The date was June 24, 1961. They gazed deeply into each other’s eyes and solemnly promised to have and to hold, from this day forward, for better, for worse, for richer, for poorer, in sickness and in health, to love and to cherish, for as long as they both shall live. For two just-turned-19 year olds, that was quite a promise. Would the love they felt for each other now be just as strong 20 years from now, 35 years from now, 50 years from now?
Later that day, they smiled when they heard on the radio that the Chicago White Sox had beaten the Washington Senators. It was a good omen for the two White Sox fans. The radio was always on in their home, playing the Top 20 of 1961, an eclectic mix: Travelin’ Man by Ricky Nelson, Big Bad John by Jimmy Dean, and The Lion Sleeps Tonight by The Tokens. They saw West Side Story in the movie theater and wished they could scrape together enough money to see it again. They watched the debut of The Wide World of Sports on their tiny black and white TV, cringing together as that poor skier relived “the agony of defeat” week after week. They were saddened by the passing of Gary Cooper and Chico Marx.
In 1962, they welcomed their first child, a daughter. Life tumbled along faster after that. Their second daughter was born in 1968. Sesame Street debuted and if the motley Cookie Monster doll was forgotten, they went back home to get him. They tag-teamed, working together to parent the two little girls as well as they knew how. They agonized over measles and the flu, and wondered how they were going to pay for the shoes that rapidly growing little feet require. They relied on each other more than ever.
The mid-1970’s brought the dreaded “C” word into their home. Cancer. How could she have cancer at only 36? She fought it with everything she had in her. She would be there for her daughters. She would live to see her grandchildren. And she would be there for him; that was important. He needed her and loved her even more than he had in 1961. She was a survivor.
The girls graduated from high school, graduated from college, got married and moved away. They traveled as often as they could to see their grandchildren, vowing to make sure those children knew who their grandparents were and knew that they loved them. Christmases were joyful; the whole family gathered to celebrate being together.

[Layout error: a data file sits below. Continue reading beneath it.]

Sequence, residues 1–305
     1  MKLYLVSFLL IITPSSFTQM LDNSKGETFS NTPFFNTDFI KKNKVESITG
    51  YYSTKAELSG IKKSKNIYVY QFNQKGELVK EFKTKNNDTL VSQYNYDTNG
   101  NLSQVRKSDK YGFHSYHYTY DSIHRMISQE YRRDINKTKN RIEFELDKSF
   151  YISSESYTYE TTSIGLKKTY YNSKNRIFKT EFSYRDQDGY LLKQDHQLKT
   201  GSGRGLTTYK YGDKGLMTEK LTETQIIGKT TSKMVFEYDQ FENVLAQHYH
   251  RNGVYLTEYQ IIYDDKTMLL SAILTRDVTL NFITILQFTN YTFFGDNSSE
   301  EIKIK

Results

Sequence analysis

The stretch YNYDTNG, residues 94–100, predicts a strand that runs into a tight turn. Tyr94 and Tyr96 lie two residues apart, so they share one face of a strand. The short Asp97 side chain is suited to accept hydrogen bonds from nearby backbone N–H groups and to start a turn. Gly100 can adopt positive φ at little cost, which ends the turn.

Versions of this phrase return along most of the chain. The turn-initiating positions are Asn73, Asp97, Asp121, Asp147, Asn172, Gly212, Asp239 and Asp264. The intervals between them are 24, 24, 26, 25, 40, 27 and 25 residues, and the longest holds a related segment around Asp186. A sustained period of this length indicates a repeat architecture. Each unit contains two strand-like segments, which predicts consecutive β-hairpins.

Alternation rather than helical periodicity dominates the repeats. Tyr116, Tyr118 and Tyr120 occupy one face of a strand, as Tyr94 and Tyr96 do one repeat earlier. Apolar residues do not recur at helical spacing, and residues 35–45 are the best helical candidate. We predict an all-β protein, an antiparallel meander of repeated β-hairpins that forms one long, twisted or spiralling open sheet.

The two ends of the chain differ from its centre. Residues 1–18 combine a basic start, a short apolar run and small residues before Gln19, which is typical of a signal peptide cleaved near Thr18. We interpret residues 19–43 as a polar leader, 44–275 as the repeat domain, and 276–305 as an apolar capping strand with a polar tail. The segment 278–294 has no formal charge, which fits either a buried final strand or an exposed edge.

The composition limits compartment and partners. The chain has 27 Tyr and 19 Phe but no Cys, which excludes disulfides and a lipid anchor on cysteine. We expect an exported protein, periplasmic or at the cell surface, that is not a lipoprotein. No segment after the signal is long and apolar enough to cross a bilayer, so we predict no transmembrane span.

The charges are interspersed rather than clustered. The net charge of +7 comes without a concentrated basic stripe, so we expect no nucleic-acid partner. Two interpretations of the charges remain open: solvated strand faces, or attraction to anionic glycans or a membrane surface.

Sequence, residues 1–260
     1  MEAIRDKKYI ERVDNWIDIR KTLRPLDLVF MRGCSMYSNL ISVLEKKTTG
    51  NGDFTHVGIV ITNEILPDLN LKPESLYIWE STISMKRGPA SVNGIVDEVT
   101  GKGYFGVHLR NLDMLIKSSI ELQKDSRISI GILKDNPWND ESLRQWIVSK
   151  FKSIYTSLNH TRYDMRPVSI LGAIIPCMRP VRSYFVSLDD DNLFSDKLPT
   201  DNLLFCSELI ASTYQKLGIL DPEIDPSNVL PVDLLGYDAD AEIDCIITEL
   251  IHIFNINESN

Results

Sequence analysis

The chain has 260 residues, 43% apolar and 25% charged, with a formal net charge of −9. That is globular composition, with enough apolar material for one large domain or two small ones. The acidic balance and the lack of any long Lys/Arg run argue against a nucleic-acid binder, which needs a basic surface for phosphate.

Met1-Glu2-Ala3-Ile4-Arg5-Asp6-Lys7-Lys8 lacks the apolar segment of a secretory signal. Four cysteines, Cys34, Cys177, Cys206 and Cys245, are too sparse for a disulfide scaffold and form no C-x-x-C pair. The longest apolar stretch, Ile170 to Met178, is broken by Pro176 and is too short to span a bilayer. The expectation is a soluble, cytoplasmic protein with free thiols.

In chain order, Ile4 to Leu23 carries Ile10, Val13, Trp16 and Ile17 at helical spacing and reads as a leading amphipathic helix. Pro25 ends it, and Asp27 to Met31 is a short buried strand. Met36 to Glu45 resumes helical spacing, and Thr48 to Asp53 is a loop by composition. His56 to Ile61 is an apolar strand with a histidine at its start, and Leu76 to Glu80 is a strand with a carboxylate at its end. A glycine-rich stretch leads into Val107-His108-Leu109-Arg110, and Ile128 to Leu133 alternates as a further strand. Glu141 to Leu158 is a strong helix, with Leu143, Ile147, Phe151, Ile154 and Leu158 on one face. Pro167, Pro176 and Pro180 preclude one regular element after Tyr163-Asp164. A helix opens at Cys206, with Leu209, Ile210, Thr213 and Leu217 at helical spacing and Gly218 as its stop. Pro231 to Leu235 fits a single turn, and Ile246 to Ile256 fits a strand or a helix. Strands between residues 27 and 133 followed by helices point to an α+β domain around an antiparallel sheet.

It was hard when the last of the older generation – his mother in 1999 and her father in 2003 – passed away. They remarked to each other that they were now the oldest generation, and wasn’t that strange. How were they supposed to take on the mantle of the wise elder for the next generations when they often felt as if they were still winging it day by day?
June 24, 2011 is their 50th wedding anniversary. They had worked, fought, cried, smiled, laughed, supported and loved each other for 50 years. They looked around the table at their daughters, sons-in-law, and grandchildren and were proud of all they had accomplished. Their 50 year anniversary was as good a place as any to pause and reflect on the past.
But dwelling on the past wasn’t in their nature. Tomorrow, she wanted to go shopping with her daughters and granddaughter. They had a trip to France planned for the fall, and she needed some new clothes to take. After the photo safari in Africa last year, and dancing with the natives on Papua New Guinea the year before, she had wanted to go someplace more relaxing this year. They smiled at each other across the table. The first fifty years of marriage had been rich and fulfilling; what would the next 50 bring?
Happy Anniversary, Mom and Dad. I love you both.